A FORMER Rose of Tralee is betting on the appeal of fresh Irish design to help her succeed in business.
Seven years after taking the international festival’s crown in Kerry as London’s Rose, Charmaine Kenny has launched a new online business venture called TheIrishWorkshop.com.
She says travelling the globe as 2009’s Rose of Tralee, as well as time spent studying and volunteering internationally, has helped her build a worldwide network she can now introduce to talented Irish makers, designers and artists.
Charmaine has teamed up with London-based accountant Fearghal Mulvihill, who has previously worked with PwC and Deutsche Bank in Britain and New York, on the venture which features creative talent spanning the length of Ireland from Dingle, Co. Kerry to Portrush in Co. Antrim.
“We studied in Trinity College Dublin together and stayed in touch over the years, meeting each other at class reunions and friends’ weddings,” Charmaine said.
“Last year we were both working on nascent start-up ideas, and when discussing our ideas we found that there was an overlap so we started researching together and soon afterwards The Irish Workshop was born.”
Charmaine, who has an MBA from Stanford University’s Graduate School of Business in Silicon Valley and has previously worked in London with The Parthenon Group and Paddy Power, is currently curating collections to commemorate 1916 and celebrate St Patrick’s Day… but without the stereotypes.
“We’ve said goodbye to leprechauns and shillelaghs, and hello to artwork made from 1,000 year old bog, stylish knitwear made from 100 per cent lambswool, and limited edition pop-art of our nation’s favourite Tayto crisps and pints,” the Kildare native said.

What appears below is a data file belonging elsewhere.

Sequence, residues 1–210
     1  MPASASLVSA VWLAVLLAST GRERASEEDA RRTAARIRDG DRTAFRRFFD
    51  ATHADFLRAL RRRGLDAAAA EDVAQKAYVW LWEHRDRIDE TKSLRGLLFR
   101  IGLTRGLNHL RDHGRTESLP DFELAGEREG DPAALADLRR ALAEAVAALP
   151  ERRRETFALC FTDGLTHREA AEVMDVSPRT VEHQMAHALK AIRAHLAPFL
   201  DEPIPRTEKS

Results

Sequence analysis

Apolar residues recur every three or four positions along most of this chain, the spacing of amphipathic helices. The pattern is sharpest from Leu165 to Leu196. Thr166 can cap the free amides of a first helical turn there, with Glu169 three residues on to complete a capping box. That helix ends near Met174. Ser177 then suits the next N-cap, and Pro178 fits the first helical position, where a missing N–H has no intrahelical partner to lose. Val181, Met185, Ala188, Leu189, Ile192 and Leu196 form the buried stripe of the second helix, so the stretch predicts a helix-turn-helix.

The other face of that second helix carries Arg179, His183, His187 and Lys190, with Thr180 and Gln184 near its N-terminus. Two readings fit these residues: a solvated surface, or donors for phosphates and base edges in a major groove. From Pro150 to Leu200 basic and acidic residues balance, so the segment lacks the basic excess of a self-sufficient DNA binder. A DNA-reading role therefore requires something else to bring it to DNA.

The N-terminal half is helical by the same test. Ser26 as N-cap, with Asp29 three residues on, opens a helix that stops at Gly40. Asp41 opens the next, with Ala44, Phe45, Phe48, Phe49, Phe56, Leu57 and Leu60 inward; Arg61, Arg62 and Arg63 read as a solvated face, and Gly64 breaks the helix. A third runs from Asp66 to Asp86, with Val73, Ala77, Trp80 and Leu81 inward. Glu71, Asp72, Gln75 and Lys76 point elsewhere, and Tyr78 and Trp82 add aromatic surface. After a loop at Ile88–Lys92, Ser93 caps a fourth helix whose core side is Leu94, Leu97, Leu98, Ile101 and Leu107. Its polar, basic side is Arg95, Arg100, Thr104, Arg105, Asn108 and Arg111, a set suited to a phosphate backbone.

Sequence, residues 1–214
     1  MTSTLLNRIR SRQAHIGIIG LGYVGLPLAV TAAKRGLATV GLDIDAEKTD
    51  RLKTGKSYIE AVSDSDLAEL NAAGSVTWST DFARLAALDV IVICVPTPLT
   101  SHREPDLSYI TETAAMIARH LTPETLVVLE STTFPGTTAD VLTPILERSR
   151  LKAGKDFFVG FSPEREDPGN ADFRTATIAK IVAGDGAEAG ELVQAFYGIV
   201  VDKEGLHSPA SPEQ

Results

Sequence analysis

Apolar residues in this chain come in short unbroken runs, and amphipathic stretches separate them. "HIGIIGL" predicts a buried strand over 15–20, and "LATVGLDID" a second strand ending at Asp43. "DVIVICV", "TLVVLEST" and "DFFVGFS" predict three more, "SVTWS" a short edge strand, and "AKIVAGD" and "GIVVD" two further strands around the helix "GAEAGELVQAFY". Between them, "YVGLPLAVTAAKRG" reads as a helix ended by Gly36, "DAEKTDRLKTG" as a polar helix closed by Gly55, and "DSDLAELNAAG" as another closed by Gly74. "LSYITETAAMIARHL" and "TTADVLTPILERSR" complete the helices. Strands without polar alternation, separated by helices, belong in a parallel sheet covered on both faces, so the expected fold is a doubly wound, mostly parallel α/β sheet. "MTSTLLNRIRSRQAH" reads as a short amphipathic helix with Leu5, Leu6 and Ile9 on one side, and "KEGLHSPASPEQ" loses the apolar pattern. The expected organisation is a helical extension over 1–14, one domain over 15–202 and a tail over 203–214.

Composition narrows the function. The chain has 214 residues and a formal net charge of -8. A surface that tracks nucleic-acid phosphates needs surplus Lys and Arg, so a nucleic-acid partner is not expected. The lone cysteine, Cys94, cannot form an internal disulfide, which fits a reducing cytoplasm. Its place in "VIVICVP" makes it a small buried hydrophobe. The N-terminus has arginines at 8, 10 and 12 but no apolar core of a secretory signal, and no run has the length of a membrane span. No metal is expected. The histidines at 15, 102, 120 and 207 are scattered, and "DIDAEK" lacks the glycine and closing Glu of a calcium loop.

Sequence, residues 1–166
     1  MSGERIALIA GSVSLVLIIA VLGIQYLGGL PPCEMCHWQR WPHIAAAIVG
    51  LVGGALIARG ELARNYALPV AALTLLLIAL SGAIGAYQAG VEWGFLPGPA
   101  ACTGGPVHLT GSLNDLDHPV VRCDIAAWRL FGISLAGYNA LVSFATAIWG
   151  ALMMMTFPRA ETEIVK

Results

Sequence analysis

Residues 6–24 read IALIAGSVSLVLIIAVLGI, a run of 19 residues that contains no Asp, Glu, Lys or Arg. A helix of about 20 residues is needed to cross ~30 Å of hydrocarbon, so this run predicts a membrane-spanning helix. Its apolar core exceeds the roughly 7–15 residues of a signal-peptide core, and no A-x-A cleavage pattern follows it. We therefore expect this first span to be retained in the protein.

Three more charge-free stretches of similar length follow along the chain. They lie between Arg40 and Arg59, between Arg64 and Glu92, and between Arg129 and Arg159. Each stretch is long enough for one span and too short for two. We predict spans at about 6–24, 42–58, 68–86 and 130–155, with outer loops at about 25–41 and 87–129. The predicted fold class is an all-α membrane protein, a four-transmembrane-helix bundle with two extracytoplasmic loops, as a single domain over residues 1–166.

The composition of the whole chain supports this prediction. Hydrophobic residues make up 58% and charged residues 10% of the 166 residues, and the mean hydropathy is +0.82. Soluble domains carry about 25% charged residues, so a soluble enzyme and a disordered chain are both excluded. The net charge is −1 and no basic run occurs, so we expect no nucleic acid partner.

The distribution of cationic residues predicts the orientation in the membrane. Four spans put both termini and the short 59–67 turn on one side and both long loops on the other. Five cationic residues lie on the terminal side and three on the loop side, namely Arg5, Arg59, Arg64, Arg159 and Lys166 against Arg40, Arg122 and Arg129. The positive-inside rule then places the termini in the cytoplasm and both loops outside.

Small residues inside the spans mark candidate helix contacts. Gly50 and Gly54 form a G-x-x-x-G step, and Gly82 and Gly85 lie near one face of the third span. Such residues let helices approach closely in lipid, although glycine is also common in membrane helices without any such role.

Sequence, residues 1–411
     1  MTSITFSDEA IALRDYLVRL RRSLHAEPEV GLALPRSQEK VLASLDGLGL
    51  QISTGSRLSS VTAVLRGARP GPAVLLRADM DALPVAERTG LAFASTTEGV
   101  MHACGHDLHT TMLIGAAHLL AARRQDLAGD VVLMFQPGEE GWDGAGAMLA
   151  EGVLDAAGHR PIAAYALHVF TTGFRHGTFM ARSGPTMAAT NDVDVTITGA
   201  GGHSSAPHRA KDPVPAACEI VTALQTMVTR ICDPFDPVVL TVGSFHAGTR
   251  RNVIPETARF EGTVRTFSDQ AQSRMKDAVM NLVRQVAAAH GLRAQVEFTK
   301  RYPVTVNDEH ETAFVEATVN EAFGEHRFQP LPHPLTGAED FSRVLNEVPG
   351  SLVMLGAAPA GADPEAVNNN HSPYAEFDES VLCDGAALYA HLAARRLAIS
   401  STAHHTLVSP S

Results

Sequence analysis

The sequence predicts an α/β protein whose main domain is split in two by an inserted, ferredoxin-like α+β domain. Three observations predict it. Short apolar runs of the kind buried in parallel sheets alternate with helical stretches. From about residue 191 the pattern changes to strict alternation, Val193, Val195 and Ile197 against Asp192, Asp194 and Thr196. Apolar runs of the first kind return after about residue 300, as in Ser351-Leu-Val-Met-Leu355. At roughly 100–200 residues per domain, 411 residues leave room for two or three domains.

“I think that people living in the UK will enjoy this fresh curation of the best of creative Ireland.”
Dublin-based jewellery designer Tracy Gilbert is just one talent that the fledgling company has signed up to work with.
“She was our first creative partner so we have a particular soft spot for her,” Charmaine said.
“As a Gaelgóir and someone who was educated through the Irish language, it is fitting that her jewellery range is inspired by Irish history heritage and mythology.
“One of her favourite ancient myths is that of The Children of Lir which has inspired one of her collections.
“Her meticulous attention to detail in her jewellery range is perhaps related to her career as an actuary.
“She is something of a double-agent,” Charmaine jokes.
“Tracy’s star is definitely on the rise as a jewellery designer in Ireland, and here’s hoping that we can help make her dream of becoming a full time jewellery designer come true.”
Forest green Aranknit Lynchmob hats with feathers hand-knitted by Cavan-based milliner Davina Lynch (“using giant knitting needles and oodles of talent”) and real Irish turf fire candles made in Belfast are expected to be top sellers in the coming months.
“We also expect that Tracy Gilbert’s Growing Home collection will be popular — it’s a clever but thoughtful collection of pendants, earrings and cufflinks depicts a tree with roots, but when you look at the tree you realise that it’s in the shape of the map of Ireland,” Charmaine adds.
The Irish Workshop has already signed up over 60 Irish creatives to sell art, jewellery, knitwear, fashion accessories and gifts.
“We not only want to give small, creative, independent Irish businesses access to the international market but we want to provide people across the globe with somewhere to buy authentic, Irish products directly from the people who make them,” Charmaine said.
Business partner Fearghal Mulvihill hopes their specially curated collections will also appeal on a deeper emotional level.
“We want the customer to feel like they are buying more than just a high quality, handmade product, that they are also learning its back story and connecting with the person who made it and in turn connecting with their country,” he said.
“Even though Ireland is a relatively short flight away it is still very common to feel lonely and isolated here.”